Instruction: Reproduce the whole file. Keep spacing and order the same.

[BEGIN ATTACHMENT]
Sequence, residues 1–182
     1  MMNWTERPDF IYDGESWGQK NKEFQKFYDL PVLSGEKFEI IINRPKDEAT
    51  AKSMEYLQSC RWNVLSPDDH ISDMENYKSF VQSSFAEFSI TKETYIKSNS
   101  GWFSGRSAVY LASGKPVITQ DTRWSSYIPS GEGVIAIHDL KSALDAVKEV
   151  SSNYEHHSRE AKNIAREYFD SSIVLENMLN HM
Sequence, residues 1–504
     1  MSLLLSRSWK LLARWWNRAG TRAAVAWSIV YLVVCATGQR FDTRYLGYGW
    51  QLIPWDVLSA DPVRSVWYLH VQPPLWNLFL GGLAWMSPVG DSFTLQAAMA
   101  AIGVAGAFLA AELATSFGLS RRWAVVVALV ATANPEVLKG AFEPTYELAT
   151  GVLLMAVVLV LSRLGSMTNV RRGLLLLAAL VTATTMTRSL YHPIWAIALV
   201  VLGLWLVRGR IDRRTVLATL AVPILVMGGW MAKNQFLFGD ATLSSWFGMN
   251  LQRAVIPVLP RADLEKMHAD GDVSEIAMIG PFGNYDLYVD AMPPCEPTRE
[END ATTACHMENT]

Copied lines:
Sequence, residues 1–182
     1  MMNWTERPDF IYDGESWGQK NKEFQKFYDL PVLSGEKFEI IINRPKDEAT
    51  AKSMEYLQSC RWNVLSPDDH ISDMENYKSF VQSSFAEFSI TKETYIKSNS
   101  GWFSGRSAVY LASGKPVITQ DTRWSSYIPS GEGVIAIHDL KSALDAVKEV
   151  SSNYEHHSRE AKNIAREYFD SSIVLENMLN HM
Sequence, residues 1–504
     1  MSLLLSRSWK LLARWWNRAG TRAAVAWSIV YLVVCATGQR FDTRYLGYGW
    51  QLIPWDVLSA DPVRSVWYLH VQPPLWNLFL GGLAWMSPVG DSFTLQAAMA
   101  AIGVAGAFLA AELATSFGLS RRWAVVVALV ATANPEVLKG AFEPTYELAT
   151  GVLLMAVVLV LSRLGSMTNV RRGLLLLAAL VTATTMTRSL YHPIWAIALV
   201  VLGLWLVRGR IDRRTVLATL AVPILVMGGW MAKNQFLFGD ATLSSWFGMN
   251  LQRAVIPVLP RADLEKMHAD GDVSEIAMIG PFGNYDLYVD AMPPCEPTRE